Archive for November, 2008

International Show in Jerez – 16/11/2008

Sunday, November 16th, 2008

Baron of Stanroph Du Domaine Des Rives de L’Erdre – 1st Open Dog, C.A.C.I.B., Best of Breed – judge June Young

Best of Group 8 – RES BEST IN SHOW !!!!

Stanroph Spanish Eyes – 1st Open Bitch, R.C.A.C.I.B.

National Show in Jerez – 15/11/2008

Sunday, November 16th, 2008

Baron of Stanroph Du Domaine des Rives de L’Erdre – 1st Open Dog, C.A.C., Best of Breed – judge Frank Kane

Best of Group 8 !!!

Gundog Breeds Ass of Scotland Ch Sh – 8/11/2008

Monday, November 10th, 2008

Stanroph Serora Ruby Tuesday – 2nd Puppy Bitch, 2nd Novice Bitch

Stanroph So Let It Be J.W. – 3rd Limit Bitch

Stanroph So What Will be (AI) J.W. – Res M/Limit Dog

Stanroph Stormy Weather – 3rd Yearling Dog

Stanroph Sandy Shore – 3rd Post Graduate Bitch

Glenrioch Scooby Doo – 2nd Graduate Dog

(by Stanroph So What Will Be (AI) J,W.)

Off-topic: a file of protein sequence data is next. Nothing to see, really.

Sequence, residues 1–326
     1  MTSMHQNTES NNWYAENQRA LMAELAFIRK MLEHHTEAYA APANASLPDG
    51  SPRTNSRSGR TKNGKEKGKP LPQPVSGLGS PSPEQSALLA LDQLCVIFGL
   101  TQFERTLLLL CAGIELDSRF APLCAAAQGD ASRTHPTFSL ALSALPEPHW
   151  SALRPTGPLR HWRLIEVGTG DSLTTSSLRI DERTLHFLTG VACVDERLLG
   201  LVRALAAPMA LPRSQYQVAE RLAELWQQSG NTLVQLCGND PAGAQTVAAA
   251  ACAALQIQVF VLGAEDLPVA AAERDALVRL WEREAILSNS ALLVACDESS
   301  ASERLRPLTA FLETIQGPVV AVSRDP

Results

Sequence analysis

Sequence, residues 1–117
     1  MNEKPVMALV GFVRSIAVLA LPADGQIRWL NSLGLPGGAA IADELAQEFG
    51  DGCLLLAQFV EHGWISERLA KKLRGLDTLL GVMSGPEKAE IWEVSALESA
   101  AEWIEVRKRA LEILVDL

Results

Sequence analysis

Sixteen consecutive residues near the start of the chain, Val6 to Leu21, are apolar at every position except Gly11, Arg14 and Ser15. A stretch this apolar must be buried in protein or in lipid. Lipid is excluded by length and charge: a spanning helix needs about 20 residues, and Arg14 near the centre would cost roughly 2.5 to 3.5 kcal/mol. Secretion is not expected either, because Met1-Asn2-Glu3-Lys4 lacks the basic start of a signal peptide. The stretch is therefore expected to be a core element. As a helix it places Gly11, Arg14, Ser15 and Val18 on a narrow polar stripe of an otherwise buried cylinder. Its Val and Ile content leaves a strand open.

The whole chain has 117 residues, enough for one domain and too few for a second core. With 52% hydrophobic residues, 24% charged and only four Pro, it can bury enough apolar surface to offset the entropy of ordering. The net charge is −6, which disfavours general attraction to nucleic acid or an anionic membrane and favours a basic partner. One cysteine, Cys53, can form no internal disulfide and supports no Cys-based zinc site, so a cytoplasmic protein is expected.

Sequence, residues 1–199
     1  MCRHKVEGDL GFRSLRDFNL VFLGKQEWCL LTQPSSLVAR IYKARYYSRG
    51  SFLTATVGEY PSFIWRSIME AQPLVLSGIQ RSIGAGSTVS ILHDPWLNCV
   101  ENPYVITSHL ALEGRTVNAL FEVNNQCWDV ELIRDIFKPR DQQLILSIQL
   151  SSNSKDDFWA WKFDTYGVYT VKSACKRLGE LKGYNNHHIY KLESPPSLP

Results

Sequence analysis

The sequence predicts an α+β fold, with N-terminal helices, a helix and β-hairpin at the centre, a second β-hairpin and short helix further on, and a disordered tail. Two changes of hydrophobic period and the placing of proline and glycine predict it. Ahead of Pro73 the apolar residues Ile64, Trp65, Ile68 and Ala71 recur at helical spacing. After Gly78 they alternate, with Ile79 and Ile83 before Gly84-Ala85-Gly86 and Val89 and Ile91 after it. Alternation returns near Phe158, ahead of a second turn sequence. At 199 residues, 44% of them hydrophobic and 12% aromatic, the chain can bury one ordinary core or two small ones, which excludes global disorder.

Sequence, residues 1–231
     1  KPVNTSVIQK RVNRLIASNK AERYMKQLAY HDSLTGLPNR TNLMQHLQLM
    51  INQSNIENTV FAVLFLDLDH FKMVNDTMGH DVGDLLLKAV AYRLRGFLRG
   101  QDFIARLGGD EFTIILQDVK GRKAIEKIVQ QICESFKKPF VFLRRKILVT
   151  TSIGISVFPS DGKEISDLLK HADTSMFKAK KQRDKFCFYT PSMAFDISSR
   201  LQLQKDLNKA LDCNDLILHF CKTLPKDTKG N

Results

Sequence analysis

Megarvey Messsanger Boy – VHC Post Graduate Dog

(Ch Stanroph Squadron Leader ex Stanroph Spirit of the Mist)

Stanroph Star Boy – VHC Limit Dog

Sh Ch Flyngalee Northern Lights – 3rd Open Dog

(by Sh Ch Stanroph So It Had To Be)

Dantassie Dancing Diva – 1st M/Puppy Bitch, Best Puppy in Breed

(by Stanroph Stare If You Dare)

Flyngalee Manhattan View – VHC Open Bitch

(by Sh Ch Stanroph So It Had To Be)

Employee experience and why it’s critical

Monday, November 3rd, 2008

If you neglect your employees’ experience, you do so at your own peril. I didn’t write that to be dramatic; employee experience impacts everything in your business—productivity, retention, your workplace culture, and more.-

If you’re not already, it’s time to sit up and take a good, honest look at it.

This article will give you a comprehensive breakdown of everything to do with employee experience; what it is (what it isn’t), whether it’s actually important, who’s responsible for it, and how to improve it. Let’s jump right in.